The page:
Connecting to shareholders is not the same as connecting people. Finnish giant Nokia's shares plunged in a single session by 18% last week when it candidly admitted that its key targets will be missed on bad market conditions in China and Europe.
Its chief technology officer has gone on long leave in a symptom of its woes.
It's Indian journey has not been that easy either. The handset maker that is a household word has steadily lost turf in the country, though it still remains at the top of the mobile handset brand heap.
Its market share plunged 46% in 2009 to 30% in 2010. In a sign of waking up to market realities, it announced this week it will make dual-SIM handsets to address downmarket mass consumers - something it had earlier said it will not do.
"Nokia seems to trying to do the catch up game with other players," says Naveen Mishra, lead analyst, CyberMedia Research.
The company faces challenges both at the high-end smartphone (a phone that combines features of phone and a computer) market where Apple's iPhone, Research In Motion's Blackberry, Samsung and HTC are giving it a stiff fight. At the lower-end are the lowly priced Chinese brands such as the G-Five and desi Micromax that keep the company on its toes.
In the ultra-high smartphone market, where the price tag can top Rs 25,000, the cult following of "cool" iPhones and corporate icon BlackBerry is a headache for Nokia. BlackBerry's ubiquitous push-mail and the iPhone's touchscreen-led user-friendly slickness are hard to match for a sturdy engineering-oriented label like Nokia.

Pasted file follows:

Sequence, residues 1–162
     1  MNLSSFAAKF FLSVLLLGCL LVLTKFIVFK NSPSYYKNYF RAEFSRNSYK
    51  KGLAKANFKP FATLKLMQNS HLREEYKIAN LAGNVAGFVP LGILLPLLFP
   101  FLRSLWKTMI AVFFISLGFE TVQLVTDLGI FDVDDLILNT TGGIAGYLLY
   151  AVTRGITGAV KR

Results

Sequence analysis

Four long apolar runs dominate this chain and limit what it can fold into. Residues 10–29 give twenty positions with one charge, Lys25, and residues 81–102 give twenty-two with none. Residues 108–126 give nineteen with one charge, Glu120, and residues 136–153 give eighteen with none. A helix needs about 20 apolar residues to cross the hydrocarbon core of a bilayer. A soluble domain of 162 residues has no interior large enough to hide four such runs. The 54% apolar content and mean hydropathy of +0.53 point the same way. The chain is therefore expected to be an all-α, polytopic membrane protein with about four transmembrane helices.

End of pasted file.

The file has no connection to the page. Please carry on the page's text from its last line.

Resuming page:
At the lower end, it is sheer price play, though Nokia had made an Indian splash once with a Rs 1,500 model, the Nokia 1100.
"Nokia's low cost portfolio is not as lucrative as it should have been," says Anshul Gupta, principal research analyst at research firm Gartner.
But Nokia is not exactly sleeping on the job. Its main gambit is not about the machine, but what you can do with it. It is adding service options to handsets - matching all price points. One of them, example is "Mobile Money" that enables transfer of cash.
"Its better to play to our strengths rather than play to somebody else's strengths," Viral Oza, marketing director, Nokia India, told Hindustan Times. "We wish to offer our services across our portfolio at all price points."
Music download service Ovi Music and Nokia Tej, a business application for small businesses like shopkeepers are among such offerings.
It is also picking up iPhone-like tricks to help community users. For example, its N8 - launched last year - pushed data consumption amongst consumers to a new high.
"An example is the ESPN widget (sports application) we launched which crossed the million download mark in 45 days of launch," said Oza.
Nokia is not worried about the lower end.
Nokia believes there is not enough space for over 100 handset vendors and expects a lot the players to disappear over time. "The mobile industry is one of the quickest in terms of innovation cycles. Price alone cannot be an innovation," says a confident Oza.
Nokia's slow phasing out of its Symbian platform in favour of a partnership with Microsoft to launch Windows phones is its next big bet. But will it work?
It is clear that there is no cakewalk ahead for Nokia as it defends a turf that once was a virtual monopoly.